October 20, 2021 - 10:24am

The Canadian writer Margaret Atwood triggered a round of Discourse yesterday, when she shared a Toronto Star article which asked: “Why can’t we say ‘woman’ any more?”.

Atwood is the author of The Handmaid’s Tale, a fictional dystopia where religious fundamentalists have enslaved the few remaining fertile women as mute, compliant ‘Handmaids’, stripped of personhood and reduced to a subaltern role as breeders. The HBO adaptation is now into its fourth season, and the iconic ‘Handmaid’ red-and-white costume has become a popular visual shorthand for two antagonistic feminist camps.

For some women, Gilead epitomised the ascendance of Donald ‘grab ‘em by the pussy’ Trump, and Handmaid costumes were popular at Women’s March events, at least initially. For others, Gilead serves as metaphor for the sense many women have of being reduced to our reproductive functions.

Atwood’s literary legacy, then, has found itself fought over by two opposing camps in a profound struggle among women over what precisely it means to be a woman. What Atwood herself thinks is thus politically significant.

To date, Atwood has (to the confusion and chagrin of gender-critical feminists) appeared to side with the ‘inclusive’ camp. For example a year ago she co-signed “a message of love and solidarity to the trans and non-binary community” that was read (accurately) at the time as a criticism of JK Rowling’s highly publicised interventions in the transgender debate. She further signalled her support for the trans cause in a November 2020 Times interview. Now, Atwood seems belatedly to have woken up to the implications of radically unmooring ‘gender’ from physiology.

It’s amusing to watch someone who has for some time cheerfully encouraged (or at least failed to think through) this state of affairs wake up to the consequences of her own position. It’s a little like watching boomers who’ve spent their whole life celebrating no-holds-barred individualism wring their hands mournfully about social atomisation. The question, though, will be whether Atwood will take the coward’s path, like Netflix co-CEO Ted Sarandos, who is now walking back his defence of Dave Chappelle. Or whether, as an iconic creator with a huge social media platform and $20m in the bank, she’ll embrace a Rowlingesque immunity from cancellation and take the logical next step.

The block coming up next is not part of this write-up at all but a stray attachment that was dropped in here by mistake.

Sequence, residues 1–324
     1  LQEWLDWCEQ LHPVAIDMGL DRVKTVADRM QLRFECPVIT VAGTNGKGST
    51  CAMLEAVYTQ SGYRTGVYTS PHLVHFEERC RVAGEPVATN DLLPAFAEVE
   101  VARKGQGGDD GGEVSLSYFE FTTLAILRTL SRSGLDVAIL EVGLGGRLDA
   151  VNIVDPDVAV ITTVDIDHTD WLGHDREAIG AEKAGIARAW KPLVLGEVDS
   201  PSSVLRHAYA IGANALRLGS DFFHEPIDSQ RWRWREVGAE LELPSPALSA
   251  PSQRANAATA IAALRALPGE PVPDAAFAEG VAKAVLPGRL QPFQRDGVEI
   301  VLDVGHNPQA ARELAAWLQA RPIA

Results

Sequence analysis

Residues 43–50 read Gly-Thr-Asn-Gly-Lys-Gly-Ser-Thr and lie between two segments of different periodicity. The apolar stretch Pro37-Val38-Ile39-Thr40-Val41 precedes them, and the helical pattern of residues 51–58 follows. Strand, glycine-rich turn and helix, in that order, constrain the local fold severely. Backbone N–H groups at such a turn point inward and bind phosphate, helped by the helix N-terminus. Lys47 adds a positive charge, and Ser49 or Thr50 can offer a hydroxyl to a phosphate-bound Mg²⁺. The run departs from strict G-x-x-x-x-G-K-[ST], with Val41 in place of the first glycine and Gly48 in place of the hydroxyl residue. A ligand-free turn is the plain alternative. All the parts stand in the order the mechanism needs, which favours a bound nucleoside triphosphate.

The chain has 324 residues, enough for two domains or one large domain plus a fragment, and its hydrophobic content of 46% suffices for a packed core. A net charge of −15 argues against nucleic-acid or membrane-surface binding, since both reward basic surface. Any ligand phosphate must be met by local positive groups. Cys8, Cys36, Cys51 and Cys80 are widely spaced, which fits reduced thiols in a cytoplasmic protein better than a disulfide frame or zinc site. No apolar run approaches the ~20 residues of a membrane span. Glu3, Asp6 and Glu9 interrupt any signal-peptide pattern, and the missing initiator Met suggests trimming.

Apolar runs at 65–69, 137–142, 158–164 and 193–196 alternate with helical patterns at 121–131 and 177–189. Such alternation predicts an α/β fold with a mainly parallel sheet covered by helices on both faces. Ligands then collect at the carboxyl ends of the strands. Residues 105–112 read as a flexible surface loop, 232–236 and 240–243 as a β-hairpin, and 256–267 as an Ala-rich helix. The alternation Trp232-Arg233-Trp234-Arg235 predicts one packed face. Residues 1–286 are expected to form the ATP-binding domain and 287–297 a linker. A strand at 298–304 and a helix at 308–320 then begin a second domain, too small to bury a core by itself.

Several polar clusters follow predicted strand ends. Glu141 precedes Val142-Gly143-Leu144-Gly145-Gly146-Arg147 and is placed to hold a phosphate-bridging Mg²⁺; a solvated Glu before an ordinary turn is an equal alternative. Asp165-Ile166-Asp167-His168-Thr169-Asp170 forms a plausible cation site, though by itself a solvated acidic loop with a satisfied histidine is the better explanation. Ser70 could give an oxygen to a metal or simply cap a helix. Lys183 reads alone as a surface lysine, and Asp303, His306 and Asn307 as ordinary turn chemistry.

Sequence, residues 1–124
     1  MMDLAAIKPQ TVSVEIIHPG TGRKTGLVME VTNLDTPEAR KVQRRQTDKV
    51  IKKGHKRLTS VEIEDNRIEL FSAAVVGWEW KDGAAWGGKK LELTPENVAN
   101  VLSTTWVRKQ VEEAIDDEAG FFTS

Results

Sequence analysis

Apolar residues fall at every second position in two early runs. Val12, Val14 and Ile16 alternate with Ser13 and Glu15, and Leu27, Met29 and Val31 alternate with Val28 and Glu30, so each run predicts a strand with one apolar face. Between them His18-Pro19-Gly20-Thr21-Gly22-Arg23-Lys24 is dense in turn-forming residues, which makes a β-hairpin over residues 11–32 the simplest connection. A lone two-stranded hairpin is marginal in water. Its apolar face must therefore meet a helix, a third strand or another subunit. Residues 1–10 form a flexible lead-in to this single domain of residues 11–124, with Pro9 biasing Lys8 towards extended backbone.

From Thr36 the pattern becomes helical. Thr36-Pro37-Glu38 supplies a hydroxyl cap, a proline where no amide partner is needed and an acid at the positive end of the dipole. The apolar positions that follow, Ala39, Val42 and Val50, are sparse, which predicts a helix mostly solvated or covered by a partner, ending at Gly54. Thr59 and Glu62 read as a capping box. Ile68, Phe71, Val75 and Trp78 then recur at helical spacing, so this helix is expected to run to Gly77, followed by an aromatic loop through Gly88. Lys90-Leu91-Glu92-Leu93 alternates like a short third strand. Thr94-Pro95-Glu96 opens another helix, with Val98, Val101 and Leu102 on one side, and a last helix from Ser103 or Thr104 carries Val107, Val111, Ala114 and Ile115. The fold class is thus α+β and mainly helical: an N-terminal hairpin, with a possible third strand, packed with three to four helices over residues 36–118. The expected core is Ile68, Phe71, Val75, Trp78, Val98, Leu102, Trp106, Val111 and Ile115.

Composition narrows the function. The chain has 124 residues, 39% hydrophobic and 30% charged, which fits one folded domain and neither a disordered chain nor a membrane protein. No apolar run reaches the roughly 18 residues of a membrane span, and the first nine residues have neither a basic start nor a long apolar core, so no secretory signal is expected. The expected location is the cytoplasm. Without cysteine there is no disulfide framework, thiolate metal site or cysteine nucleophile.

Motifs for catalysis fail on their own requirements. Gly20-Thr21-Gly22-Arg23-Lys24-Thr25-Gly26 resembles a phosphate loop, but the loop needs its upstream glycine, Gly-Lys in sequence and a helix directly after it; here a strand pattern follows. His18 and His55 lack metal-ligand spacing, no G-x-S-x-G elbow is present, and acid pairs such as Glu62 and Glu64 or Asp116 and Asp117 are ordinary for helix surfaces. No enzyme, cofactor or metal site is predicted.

She’s not there yet: she defended sharing the piece in a subsequent tweet, where she declared that the author was ‘not a Terf’. But perhaps, given enough time, she’ll follow up her belated discovery of the implications of her own worldview with the realisation that most of the people called ‘Terf’ are not, in fact, ‘terfs’ either. At least, not in the common online sense of ‘witch who should be burned at the stake or otherwise horribly punished’.

Rather, ‘terfs’ are simply women who have been paying closer attention than the author of The Handmaid’s Tale to the implications of an ideology that redefines female humans as ‘birthing people’, ‘chestfeeders’, ‘non-prostate owners’, ‘individuals with a cervix’bodies with vaginas’ or even simply ‘non-men’. In other words, an ideology that reduces female humans to a cluster of biological traits, in the name of ‘inclusion’.

Better late than never, I suppose. Come on in, Margaret, the water’s lovely.

Mary Harrington is a contributing editor at UnHerd.